Toulon, France (PRWEB UK) 7 August 2014
In 1998, Doctor Alain Lafeuillade received at the General Hospital of Toulon, France, a man with acute HIV infection.
The patient was immediately treated in a pilot trial we just launched with DDI, d4T, Saquinavir, Ritonavir plus courses of Hydrea and IL-2. The therapy was scheduled for 2 years.
In 2000, when treatment was stopped, no HIV RNA rebound in plasma was observed. Indeed, the HIV titre was below 1 copy/ml.
He had normal CD4 cell count and CD4/CD8 ratio above 1.
Dr. Lafeuillade performed several times gut biopsies that showed undetectable HIV RNA and proviral DNA, as it was in blood cells.
Now, 14 years after stopping therapy, these tests are still negative and Doctor Lafeuillade declares: "This patient is functionally cured from HIV for 14 years and shows the path for new therapeutic approaches."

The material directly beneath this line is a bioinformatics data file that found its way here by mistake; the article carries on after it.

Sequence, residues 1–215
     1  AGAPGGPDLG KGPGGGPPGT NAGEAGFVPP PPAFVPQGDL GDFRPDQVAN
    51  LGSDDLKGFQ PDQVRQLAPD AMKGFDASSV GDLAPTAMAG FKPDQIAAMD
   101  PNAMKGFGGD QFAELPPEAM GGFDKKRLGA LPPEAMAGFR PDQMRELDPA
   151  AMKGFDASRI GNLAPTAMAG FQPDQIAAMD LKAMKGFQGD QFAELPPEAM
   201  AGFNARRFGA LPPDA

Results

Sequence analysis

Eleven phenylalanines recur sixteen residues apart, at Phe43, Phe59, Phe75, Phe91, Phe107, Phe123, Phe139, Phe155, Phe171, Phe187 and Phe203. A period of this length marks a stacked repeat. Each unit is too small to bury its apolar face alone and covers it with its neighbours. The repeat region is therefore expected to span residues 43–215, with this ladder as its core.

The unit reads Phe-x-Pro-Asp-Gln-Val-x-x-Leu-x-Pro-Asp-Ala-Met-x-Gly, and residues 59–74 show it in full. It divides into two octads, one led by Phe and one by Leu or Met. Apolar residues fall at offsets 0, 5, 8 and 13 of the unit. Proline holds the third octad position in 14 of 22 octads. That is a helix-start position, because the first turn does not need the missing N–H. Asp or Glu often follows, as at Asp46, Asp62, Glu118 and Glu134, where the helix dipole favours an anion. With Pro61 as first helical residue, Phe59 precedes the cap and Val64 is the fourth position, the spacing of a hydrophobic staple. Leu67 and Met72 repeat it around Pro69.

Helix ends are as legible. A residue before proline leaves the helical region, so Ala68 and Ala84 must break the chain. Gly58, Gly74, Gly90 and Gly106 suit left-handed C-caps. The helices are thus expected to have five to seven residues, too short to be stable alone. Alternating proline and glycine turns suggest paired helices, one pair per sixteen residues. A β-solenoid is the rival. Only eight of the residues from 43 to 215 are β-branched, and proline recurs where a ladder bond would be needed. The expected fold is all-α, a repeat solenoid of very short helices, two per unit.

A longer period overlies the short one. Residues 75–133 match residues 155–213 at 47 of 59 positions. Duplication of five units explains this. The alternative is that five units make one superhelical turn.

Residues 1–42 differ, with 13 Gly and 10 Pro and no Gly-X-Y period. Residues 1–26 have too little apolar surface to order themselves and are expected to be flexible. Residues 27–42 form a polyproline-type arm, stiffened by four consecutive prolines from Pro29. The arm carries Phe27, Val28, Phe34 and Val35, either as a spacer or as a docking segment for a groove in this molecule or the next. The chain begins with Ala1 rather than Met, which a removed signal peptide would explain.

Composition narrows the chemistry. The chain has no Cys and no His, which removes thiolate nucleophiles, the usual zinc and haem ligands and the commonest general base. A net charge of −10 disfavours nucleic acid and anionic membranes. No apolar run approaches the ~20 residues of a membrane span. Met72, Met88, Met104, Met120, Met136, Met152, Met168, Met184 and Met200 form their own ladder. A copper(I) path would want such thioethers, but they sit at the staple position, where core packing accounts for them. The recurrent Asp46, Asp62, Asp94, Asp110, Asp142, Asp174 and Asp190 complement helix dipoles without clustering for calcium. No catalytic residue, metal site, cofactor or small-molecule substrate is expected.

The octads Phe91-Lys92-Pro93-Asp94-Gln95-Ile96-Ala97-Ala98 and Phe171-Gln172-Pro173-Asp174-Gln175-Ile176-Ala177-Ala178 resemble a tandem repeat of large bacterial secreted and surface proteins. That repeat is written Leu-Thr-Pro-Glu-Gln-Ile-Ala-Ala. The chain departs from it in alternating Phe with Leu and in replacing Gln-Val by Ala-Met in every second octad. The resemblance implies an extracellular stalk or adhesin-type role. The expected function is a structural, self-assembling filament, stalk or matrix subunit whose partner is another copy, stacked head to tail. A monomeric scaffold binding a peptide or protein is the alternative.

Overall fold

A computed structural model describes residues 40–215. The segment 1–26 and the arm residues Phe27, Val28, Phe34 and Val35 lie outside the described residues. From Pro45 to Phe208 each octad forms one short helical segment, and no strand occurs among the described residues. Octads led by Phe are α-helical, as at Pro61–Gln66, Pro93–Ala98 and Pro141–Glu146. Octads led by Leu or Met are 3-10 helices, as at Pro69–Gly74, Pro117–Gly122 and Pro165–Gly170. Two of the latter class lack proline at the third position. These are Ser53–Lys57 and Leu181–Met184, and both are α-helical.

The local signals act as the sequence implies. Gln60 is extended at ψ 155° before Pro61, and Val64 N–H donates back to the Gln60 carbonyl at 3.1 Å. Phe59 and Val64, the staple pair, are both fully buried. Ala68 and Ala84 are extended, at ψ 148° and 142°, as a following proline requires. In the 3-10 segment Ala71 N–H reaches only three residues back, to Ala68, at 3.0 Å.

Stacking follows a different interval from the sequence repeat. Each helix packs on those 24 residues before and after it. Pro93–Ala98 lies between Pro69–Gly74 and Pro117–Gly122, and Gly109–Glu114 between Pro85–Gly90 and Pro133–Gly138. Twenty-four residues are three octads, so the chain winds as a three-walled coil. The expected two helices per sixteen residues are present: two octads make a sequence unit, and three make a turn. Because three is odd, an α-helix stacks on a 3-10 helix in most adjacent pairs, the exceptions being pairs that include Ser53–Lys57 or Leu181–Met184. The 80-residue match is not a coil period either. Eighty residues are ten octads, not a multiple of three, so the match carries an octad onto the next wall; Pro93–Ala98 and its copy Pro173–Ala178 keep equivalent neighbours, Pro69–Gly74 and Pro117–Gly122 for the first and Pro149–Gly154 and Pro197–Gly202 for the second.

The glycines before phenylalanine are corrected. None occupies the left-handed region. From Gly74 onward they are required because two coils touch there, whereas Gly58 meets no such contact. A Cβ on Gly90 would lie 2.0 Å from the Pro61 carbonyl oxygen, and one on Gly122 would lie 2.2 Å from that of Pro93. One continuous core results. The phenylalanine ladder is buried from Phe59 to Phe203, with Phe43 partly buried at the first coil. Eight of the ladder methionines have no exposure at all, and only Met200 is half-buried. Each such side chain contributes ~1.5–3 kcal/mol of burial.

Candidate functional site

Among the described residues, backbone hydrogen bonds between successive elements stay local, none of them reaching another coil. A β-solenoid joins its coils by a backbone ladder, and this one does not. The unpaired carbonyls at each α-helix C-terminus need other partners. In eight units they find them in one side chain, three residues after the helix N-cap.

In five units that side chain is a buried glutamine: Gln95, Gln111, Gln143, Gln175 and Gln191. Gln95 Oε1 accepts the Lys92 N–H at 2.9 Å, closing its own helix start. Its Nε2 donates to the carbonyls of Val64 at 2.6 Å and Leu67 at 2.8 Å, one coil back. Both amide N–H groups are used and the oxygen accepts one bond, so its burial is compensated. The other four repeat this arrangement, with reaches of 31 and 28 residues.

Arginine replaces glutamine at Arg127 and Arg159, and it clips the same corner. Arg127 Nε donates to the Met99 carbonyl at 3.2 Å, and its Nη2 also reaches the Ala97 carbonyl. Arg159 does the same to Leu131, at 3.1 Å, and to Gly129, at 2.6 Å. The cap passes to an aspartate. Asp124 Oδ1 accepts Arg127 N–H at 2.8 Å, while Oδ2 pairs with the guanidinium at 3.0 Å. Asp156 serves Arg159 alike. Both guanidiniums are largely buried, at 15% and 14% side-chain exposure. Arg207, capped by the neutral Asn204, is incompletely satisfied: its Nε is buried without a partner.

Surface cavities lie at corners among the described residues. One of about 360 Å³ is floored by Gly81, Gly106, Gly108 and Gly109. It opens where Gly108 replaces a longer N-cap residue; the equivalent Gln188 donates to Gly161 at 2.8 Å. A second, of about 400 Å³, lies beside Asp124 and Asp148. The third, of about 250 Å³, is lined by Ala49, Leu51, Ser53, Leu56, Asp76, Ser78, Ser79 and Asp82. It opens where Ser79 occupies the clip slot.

Obviously, this patient opens new paths toward a HIV cure with new therapeutic approaches than can be scalable to the 34 million people HIV-infected worldwide.
The only case of sterilizing cure in the world is the "Berlin patient". However, his life was in danger because he had acute leukemia in addition to HIV. So he received a treatment which was life-threatening with total body irradiation, chemotherapy and bone marrow transplant.
The "Toulon patient" had a less aggressive approach and still id HIV positive. But the virus is undetectable and does no harm without any therapy.
This fall, other trials aimed at inducing the same functional cure also in early diagnosed patients will be launched by the research team at General Hospital.